Furthermore, The Nephite concept of hell has been explored by John Tvedtnes and David Bokovoy in their book Testaments: Links between the Book of Mormon and Hebrew Bible. In this is volume, they write that the Hebrew word "Sheol" - which is the equivilant of the English word "Hell" - is not a place of damnation, but is rather the dwelling place of spirits after death.
This is in strict accord with modern LDS teachings which speak of the spirit world (Spirit Paradise and Spirit Prison, respectively) that the spirits of all men and women will enter into upon death until the resurrection.
Again, we turn to Brant Gardner. He has convincingly shown that the Nephites did not condemn polygamy per se, but instead condemned the pratice of plural marriage in the context of using this system to get personal wealth or power. In ancient Mesoamerica, the most likely place were the Book of Mormon events took place, social statues was exalted by not only material goods but also by how many wives men had. Notice that Jacob (and the other Nephite prophets) condemns both of these practices together in conjunction in these verses. This shows that while, as is indicated by Jacob, polygamy is acceptable if commanded by the Lord to raise up seed under the covenant, the practice of polygamy for personal gain is not acceptable.
After this impressive laundry list of items of supposed contradictions, Slick then asks:
If the Book of Mormon is the "most correct book of any on earth" (History of the Church, vol. 4:461), then why does it not contain essential Mormon doctrines such as...
1. Church organization
2. Plurality of Gods
3. Plurality of wives doctrine
4. Word of Wisdom
5. God is an exalted man
6. Celestial marriage
7. Men may become Gods
8. Three degrees of glory
9. Baptism for the dead
10. Eternal progression
11. The Aaronic Priesthood
12. Temple works of washings, anointing, endowmants, sealing.
First, it must be understood that the purpose of the Book of Mormon is to bring men unto the fulness of the Gospel of Christ and Salvation. The fulness of the Gospel of Christ, however, is different then those doctrines required for exaltation in the highest degree of the Celestial Kingdom. The fulness of the Gospel of Christ is a 6 step program that is intended not for exaltation, but simply salvation in the Celestial Kingdom - one of the lower two degrees in the Celestial Kingdom - in and of itself. These six steps include:
- Faith in the Lord Jesus Christ
- Baptism by Immersion for the Remission of Sins
- The Laying on the Hands for the Gift of the Holy Ghost
- The doctrine of the Resurrection
- The doctrine of Eternal Judgment.
However, some of the items listed by Slick are mentioned in the Book of Mormon, as we shall see. Once again, Slick's comments are in red and mine in black.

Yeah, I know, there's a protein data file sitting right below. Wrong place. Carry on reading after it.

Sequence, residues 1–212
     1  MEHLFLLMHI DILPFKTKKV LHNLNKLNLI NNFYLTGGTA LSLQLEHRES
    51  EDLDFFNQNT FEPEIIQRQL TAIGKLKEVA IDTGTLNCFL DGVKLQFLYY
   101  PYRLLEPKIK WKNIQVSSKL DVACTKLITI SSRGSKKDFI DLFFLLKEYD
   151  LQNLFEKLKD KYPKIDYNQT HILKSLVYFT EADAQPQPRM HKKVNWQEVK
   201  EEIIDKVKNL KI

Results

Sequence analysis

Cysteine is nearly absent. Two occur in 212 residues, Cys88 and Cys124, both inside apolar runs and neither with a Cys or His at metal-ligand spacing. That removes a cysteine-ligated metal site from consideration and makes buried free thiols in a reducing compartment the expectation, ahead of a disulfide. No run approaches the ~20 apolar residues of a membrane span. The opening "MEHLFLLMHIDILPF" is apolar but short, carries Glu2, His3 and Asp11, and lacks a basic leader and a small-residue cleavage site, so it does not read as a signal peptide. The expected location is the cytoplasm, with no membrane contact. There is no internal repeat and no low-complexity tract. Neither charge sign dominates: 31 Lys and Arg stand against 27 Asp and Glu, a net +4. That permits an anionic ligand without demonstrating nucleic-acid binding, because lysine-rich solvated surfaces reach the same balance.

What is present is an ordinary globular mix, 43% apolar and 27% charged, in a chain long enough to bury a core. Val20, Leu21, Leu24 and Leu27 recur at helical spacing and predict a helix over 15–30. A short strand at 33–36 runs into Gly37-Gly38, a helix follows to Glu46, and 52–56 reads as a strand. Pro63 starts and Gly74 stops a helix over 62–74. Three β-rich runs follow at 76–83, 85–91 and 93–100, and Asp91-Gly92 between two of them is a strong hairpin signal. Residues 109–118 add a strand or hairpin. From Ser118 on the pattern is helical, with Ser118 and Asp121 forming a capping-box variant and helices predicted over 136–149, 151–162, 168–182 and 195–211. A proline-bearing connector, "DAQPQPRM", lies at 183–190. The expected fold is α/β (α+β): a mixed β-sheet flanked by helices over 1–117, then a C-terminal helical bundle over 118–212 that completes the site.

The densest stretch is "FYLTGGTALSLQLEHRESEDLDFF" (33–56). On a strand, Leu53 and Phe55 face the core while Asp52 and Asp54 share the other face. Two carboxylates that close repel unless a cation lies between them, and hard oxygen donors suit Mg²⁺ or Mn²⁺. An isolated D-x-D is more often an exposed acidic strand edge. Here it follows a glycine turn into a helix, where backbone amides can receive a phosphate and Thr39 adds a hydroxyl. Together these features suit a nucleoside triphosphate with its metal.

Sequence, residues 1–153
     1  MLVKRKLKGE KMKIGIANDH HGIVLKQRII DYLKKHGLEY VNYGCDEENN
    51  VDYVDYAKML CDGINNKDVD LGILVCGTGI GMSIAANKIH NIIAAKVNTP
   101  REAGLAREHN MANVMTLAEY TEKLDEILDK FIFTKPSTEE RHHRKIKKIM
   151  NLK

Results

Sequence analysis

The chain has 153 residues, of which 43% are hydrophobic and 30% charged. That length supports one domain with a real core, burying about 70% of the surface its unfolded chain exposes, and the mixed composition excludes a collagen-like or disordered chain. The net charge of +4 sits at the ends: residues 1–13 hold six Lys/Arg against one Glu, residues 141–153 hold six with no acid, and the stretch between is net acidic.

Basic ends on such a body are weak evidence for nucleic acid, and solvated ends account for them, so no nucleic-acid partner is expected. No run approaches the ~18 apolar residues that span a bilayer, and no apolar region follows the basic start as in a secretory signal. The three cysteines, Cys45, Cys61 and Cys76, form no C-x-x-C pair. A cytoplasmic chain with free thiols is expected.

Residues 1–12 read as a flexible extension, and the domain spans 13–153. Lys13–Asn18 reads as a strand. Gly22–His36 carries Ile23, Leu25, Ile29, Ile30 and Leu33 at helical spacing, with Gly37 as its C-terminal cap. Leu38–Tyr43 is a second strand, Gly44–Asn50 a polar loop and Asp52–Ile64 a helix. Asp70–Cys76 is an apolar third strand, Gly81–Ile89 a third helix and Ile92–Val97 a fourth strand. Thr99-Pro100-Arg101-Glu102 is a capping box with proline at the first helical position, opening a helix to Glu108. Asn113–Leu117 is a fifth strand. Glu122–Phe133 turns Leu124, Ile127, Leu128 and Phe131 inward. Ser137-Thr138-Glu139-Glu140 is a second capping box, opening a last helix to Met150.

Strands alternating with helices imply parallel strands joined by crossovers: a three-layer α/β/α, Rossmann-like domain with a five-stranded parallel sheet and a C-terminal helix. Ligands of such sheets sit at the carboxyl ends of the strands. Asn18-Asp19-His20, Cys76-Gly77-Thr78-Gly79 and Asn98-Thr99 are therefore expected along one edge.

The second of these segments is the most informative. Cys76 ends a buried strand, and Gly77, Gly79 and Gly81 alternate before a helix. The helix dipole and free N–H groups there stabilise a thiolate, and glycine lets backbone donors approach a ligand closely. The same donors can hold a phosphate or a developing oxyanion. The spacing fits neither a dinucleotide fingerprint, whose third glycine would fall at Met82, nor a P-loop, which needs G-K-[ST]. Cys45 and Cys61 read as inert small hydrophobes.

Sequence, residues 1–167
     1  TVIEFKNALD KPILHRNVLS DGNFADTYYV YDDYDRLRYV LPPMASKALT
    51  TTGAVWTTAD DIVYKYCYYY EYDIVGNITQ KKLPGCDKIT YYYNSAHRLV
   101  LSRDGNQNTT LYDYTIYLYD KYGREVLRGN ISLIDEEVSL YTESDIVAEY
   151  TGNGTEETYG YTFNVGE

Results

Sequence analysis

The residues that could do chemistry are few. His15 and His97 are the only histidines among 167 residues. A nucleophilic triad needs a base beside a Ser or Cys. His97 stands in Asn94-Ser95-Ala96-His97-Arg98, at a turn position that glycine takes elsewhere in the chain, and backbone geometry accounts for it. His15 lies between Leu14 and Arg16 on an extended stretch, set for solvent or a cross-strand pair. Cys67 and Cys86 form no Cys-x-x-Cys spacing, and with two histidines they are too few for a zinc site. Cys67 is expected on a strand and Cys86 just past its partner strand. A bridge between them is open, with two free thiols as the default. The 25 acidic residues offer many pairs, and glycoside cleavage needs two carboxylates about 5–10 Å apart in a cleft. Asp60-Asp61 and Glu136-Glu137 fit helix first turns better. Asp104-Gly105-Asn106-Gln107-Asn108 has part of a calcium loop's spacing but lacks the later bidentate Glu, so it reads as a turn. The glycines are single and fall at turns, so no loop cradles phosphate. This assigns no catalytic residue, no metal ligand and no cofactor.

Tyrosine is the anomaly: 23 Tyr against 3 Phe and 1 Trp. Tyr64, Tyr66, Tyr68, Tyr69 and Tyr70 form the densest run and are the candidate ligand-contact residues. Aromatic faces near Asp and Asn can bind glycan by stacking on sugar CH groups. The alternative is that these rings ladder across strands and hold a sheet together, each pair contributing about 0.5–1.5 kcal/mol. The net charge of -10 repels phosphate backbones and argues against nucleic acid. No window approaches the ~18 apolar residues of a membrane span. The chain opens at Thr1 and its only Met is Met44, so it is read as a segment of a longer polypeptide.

Plurality of Gods
Plurality of Wives
Men may become Gods
After yet another list, Slick then concludes that "essential Mormon doctrines aren't even found" in the Book of Mormon. However, one has to ask what doctrines aren't found. As has been said earlier, the purpose of the Book of Mormon was to proclaim the fulness of the Gospel of Christ.
This Gospel, however, is not to be mistaken for other doctrines that, while important, nay, essential for exaltation, are not required for salvation.
Slick, true to form, then ends his article with a giant logical fallacy. He declares that the reason these doctrines are not found in the Book of Mormon is because "the Book of Mormon is nothing more than a fictional account made up by Joseph Smith."
This is a massive non sequitor. The logic simply does not follow. Just because certain doctrinal concepts later introducted by Joseph Smith are not found in the Book of Mormon, that does not mean that the Book of Mormon events are fictional. How on earth does the fact that the because the Book of Mormon does not teach baptisms for the dead that therefore means that an ancient American named Mormon could not have written it? How is it that because the Book of Mormon is silent on issues like God once being a mortal that therefore means that there was never a battle at Cumorah or a city called Zarahemla? The historical aspects of the Book of Mormon are to be judged based on historical criteria such as archaeological and/or anthrological evidence, not theological evidence.
That being said, Slick in another essay does devote some attention to the historical aspects of the Book of Mormon, which we shall explore next time.
: Brant Gardner in Second Witness: Analytical & Contextual Commentary on the Book of Mormon (Greg Kofford Books. 2007. 6 volumes.) volume 3 pages 299-300. Henceforth this title shall be abbreviated SW followed by the volume and page number